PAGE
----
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What is the CDR capacity of trees?

There are good reasons to look to tree planting and forestry management to remove CO2 from the atmosphere. In the absence of land use by humans, it is estimated that biomass could absorb 450 to 500 Pg more carbon than they store today. This is enough to counter all of human emissions to date. At the current emissions rate of about 10 Pg C/year (equivalent 44 Pg CO2/yr), this budget would keep the planet's carbon accounting budget balanced for several years to come.

While this is a lovely story, such an approach does not leave any room for human activity, and thus should not be considered anywhere near practical. A less extreme approach to a nature-based strategy would be to set aside money to retire some (but not all) land for rewinding, providing both climate and ecosystem benefits in return. Today the cheapest tree planting projects cost out at an equivalent of less than $20/ton of CO2 captured, making this approach extremely alluring at first glance. Land, however, is a scarce resource. While industrial CDR technologies get cheaper with scale (thanks to technological learning), tree planting gets more expensive, as less productive or less accessible forests must be reached to expand the activity's footprint. The forest measurement company Pachama suggests a carbon credit price of $50-$100/ton is needed to sustainably develop trees into carbon offset programs. To scale to the level of sequestering a Gt/year, a price between $100-200/ton may be necessary, on par with the cost of industrial CDR.

Recent research suggests even this may be optimistic, at least at the scales needed to bend the planet's climate trajectory. Previous studies have famously estimated that the carbon restoration potential of trees on a rewilded planet could be over 200 Gt. However, if we constrain the problem further by allowing only existing forests to be rewilded (leaving farmland available to humans), and taking into consideration the natural carbon turnover cycle of forests, available capacity drops dramatically, to just 44 Gt carbon. This estimate could rise slightly by taking into consideration improvements possible from afforestation (grown of new forests) and adding accounting for underground carbon storage (in roots, and soil). However, realistically it likely represents an over-estimate of what is economically possible. The majority of the planet's forest regrowth potential is in tropical regions such as Brazil, Indonesia, or the Congo, where it will be technically and politically challenging to both pay for reforestation and verify that the trees we plant continue to thrive.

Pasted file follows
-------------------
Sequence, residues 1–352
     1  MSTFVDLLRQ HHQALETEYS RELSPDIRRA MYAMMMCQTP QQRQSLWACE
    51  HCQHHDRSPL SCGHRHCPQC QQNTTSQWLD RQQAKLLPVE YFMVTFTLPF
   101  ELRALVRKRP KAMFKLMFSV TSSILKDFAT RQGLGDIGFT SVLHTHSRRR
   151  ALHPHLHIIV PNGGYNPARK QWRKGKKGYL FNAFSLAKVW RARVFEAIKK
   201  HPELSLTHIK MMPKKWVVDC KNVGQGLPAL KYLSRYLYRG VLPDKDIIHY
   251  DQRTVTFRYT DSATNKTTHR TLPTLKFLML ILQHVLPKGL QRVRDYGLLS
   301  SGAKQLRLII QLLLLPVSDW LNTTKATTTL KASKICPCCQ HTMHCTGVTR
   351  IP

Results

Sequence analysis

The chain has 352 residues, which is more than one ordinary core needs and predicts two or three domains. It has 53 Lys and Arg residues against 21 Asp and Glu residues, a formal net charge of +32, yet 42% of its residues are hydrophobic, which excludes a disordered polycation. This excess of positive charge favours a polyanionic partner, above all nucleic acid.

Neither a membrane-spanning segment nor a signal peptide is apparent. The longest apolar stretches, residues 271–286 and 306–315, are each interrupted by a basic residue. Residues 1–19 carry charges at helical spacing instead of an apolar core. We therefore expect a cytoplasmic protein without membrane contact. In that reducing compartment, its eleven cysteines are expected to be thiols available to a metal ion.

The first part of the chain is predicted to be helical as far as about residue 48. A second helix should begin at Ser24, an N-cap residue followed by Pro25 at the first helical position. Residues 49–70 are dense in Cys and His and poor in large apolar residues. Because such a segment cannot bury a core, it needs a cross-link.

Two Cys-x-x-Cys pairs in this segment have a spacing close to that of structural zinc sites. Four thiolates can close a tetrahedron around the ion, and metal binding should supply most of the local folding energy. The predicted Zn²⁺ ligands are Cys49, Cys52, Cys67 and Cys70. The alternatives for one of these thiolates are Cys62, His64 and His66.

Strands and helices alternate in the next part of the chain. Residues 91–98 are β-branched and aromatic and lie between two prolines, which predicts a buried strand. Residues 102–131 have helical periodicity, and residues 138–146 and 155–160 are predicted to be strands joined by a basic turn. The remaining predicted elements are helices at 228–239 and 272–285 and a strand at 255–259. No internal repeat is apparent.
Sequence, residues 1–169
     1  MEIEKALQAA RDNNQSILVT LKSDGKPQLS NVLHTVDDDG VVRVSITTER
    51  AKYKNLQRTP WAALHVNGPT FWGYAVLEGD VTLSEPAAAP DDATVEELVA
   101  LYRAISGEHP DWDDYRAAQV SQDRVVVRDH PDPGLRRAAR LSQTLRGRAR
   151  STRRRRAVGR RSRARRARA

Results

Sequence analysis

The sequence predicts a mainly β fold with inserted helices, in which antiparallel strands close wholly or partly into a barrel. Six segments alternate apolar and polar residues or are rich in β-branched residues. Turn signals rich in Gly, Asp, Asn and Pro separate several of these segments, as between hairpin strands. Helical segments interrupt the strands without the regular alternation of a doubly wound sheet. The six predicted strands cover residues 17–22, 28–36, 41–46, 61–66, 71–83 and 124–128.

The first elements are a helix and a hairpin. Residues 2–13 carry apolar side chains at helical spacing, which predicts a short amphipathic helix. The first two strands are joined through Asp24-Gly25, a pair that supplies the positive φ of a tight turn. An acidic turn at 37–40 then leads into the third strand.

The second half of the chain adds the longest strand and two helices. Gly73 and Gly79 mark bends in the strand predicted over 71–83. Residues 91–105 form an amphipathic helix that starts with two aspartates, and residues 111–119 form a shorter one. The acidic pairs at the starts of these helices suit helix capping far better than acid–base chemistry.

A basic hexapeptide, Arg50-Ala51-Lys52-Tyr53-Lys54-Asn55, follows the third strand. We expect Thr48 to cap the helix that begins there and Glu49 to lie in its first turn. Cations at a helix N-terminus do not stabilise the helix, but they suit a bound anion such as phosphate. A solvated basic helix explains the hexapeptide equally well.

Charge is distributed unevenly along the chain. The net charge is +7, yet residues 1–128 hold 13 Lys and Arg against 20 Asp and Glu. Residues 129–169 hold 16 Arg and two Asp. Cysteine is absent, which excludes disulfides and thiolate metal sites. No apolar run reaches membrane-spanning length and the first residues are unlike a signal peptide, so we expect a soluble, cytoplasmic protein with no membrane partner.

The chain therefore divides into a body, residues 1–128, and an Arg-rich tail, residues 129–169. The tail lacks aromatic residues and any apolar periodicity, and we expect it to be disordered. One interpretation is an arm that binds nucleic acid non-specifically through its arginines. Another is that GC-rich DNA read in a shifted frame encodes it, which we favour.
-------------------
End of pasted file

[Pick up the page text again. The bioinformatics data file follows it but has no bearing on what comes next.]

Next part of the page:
Forests also require decades to grow, such that the most optimistic estimate of the rate of carbon removal might be 2 Gt CO2/year sequestered, with a politically and economically accessible opportunity likely less than 1 Gt CO2/year. To be clear, this is a lot of carbon, and growing forests offers benefits beyond just CDR. But this is also nowhere near the IPCC's current goal for removal of 6 Gt CO2/year by 2050 in order to limit the planet's temperature increase to just 1.5°C. Tree growth is good on its own merits, and should be seen as a complement to (but not a replacement for) all of the other methods of CDR under consideration today.

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